Graphic novels are always great sources for filmmakers. It has all the good parts of a regular novel – plot, setting, character development, etc. – and a solid storyboard complete with emotion. This is why we get such awesome films like Watchmen, 300, Sin City, and the Dark Knight (although there is no such graphic novel under the title “Dark Knight” that I am aware of, I am of the belief that this film was based on at least two of Batman’s graphic novels – The Long Halloween and The Killing Joke). They’re all visually stunning and pack a powerful intellectually stimulating punch. Watching these films over and over again always leaves me feeling satisfied. Which is weird, considering that after watching V for Vendetta the second time, I can’t help feeling empty.
It’s not the fact that the film is “all out,” meaning it doesn’t disguise its intended message or revelation to the audience. It’s quite clear and open about it’s views on totalitarianism and anarchy. Which makes me wonder if the film was supposed to be a political film at all. I definitely don’t feel inspired to become some sort of revolutionary, but even on the intellectual level, I can’t really say that I’ve been moved or offered some new kind of perspective. It wasn’t like seeing Watchmen, wherein I had to come to terms with whether I agreed with Ozymandias, or not – that even though his “peace” was manufactured, it was peace nonetheless. The same thing happens every time I watch the Dark Knight. Oftentimes, the truth isn’t good enough, and perhaps lying is the only recourse for the common good.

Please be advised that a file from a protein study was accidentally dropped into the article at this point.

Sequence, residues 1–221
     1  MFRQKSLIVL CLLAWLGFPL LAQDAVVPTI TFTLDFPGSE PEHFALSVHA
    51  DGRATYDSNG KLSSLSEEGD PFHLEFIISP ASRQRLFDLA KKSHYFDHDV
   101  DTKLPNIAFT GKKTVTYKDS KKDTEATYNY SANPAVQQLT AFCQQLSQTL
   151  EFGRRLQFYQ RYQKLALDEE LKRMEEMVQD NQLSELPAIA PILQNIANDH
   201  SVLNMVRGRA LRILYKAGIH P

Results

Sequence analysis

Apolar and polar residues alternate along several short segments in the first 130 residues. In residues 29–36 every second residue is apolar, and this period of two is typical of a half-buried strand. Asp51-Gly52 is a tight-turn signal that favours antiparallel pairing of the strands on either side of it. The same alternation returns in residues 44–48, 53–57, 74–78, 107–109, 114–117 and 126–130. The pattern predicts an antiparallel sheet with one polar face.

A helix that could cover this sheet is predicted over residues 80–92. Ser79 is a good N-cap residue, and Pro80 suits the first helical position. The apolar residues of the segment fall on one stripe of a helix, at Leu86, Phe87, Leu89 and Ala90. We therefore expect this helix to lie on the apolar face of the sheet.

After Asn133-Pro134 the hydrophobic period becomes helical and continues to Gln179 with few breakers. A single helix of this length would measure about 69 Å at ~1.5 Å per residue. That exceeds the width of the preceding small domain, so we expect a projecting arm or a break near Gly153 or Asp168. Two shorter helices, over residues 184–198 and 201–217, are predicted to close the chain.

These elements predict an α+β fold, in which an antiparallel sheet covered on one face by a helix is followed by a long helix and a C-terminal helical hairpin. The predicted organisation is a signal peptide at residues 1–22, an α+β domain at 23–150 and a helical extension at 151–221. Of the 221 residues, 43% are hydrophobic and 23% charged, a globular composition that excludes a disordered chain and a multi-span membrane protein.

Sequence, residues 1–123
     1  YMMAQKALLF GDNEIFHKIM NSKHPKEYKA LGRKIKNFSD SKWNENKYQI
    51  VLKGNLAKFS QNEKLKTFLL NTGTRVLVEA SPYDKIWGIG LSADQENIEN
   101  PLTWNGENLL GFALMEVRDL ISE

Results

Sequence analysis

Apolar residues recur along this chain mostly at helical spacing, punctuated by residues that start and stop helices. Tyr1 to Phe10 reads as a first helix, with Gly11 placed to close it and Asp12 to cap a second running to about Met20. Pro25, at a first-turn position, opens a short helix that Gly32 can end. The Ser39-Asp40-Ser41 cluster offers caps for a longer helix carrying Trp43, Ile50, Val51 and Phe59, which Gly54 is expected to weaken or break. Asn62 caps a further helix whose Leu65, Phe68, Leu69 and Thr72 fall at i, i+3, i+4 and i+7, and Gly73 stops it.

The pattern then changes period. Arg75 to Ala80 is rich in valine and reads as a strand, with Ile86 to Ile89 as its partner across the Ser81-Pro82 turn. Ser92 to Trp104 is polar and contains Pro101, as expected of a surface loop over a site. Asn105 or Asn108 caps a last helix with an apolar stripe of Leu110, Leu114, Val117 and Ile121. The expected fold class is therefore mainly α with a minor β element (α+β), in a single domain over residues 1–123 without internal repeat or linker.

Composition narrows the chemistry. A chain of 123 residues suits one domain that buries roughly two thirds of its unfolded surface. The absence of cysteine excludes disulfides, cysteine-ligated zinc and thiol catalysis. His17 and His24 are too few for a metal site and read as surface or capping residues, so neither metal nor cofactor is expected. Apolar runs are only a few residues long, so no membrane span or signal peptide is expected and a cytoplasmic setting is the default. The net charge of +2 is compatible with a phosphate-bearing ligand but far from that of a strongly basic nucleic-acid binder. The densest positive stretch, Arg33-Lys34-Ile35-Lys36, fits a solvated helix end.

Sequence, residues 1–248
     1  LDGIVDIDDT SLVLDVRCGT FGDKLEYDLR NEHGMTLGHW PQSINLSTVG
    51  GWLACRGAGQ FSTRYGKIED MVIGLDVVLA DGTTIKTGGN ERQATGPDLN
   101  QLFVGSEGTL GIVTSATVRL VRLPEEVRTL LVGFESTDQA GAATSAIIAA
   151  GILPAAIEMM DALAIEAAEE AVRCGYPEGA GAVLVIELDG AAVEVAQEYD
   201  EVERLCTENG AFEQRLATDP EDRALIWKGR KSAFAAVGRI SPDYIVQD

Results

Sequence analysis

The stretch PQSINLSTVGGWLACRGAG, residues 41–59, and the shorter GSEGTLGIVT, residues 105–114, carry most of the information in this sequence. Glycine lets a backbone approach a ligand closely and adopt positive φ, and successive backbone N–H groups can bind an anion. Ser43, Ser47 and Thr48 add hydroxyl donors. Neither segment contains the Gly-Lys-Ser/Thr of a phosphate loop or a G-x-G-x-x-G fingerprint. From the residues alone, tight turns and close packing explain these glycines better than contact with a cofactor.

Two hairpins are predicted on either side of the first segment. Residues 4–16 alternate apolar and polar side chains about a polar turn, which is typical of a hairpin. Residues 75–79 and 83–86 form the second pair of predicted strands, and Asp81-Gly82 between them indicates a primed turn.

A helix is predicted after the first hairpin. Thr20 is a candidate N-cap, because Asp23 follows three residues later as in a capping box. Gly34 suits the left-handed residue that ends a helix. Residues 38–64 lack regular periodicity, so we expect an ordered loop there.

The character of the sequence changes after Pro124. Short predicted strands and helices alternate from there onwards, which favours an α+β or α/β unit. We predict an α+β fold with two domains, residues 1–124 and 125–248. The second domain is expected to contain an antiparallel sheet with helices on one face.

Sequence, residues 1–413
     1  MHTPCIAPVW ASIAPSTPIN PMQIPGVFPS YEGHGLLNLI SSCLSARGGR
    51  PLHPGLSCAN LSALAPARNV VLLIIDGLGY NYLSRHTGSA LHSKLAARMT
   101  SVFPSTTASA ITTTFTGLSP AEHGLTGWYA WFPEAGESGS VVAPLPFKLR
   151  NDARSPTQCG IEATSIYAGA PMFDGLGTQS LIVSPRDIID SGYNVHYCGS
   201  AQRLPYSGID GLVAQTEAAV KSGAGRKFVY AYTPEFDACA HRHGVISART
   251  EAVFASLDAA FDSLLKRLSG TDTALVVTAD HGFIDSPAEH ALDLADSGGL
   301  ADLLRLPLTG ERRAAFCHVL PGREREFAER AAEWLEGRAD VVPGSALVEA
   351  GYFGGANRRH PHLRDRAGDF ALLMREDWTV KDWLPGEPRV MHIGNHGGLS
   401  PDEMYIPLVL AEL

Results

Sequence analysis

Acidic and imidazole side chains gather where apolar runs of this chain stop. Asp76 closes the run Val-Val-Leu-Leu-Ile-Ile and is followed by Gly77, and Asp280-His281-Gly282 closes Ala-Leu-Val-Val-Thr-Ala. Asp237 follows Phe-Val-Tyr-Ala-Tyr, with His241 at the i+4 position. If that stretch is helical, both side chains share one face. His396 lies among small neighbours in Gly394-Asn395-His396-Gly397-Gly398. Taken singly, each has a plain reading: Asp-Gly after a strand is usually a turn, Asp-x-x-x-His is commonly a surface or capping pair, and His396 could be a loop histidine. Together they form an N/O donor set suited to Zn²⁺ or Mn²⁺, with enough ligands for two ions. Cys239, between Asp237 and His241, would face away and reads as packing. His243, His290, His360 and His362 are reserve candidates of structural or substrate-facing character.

The kinds of films that leave me torn between condemning or condoning are my absolute favorites. But after watching V for Vendetta, I’m still wondering what the whole point was. As a political film, I must say that it fails. There wasn’t much of a revolution in V for Vendetta. Yes, they all gathered and watched Parliament get blown to Kingdom-come, but then what? Maybe I’m a bit conventional and old-school, but if you’re going to talk about revolution, you better bring it, son.
One of the most kick-ass games of all time is Rockstar’s Red Dead Redemption. The game is set in the 1900’s on the Western Frontier, particularly in New Austin, Texas. In the story, the protagonist is a former outlaw who is being coerced by the Federal Bureau to hunt down and kill the criminals he used to ride with. His mission eventually takes him to Mexico wherein yet another revolution is taking place. Eventually, the player must participate in the uprising and help to overthrow the Mexican tyrants.
This part of the game touches on many issues of politics, and quite frankly, delivers them in darker and grittier methods than V for Vendetta. One of the characters, a schoolteacher named Luisa says, “There can be no revolution without blood. We all must suffer and sacrifice if things are to get better in Mexico.” Another character quips, “If a hungry man cries to you for help, will you put an arm around his shoulder, or beat him till he grows food for himself? Western idealism has no place in a poor country like Mexico. There is only violence and politics.” Absolutely brilliant. Even more so since, to some degree, it reflects the state of Philippine politics and poverty.
V for Vendetta, in my opinion, doesn’t offer anything close. V talks about blood, but there’s hardly any to go around. Sure, he kills a bunch of guys, but most of them are just useless bodyguards. The people don’t get their hands dirty, unlike in Red Dead Redemption. Although V for Vendetta falls short several levels, the one thing I do appreciate about the film is the sequence wherein V subjects Evey to a fabricated imprisonment in order for her to truly experience what it is to be without fear. I would have liked it better if the film had touched more on the subject of V’s extremist methods and its possible justifications.
Although ideas are “bulletproof,” they aren’t always apparent. The idea of this film remains as much a mystery to me as the man behind the mask.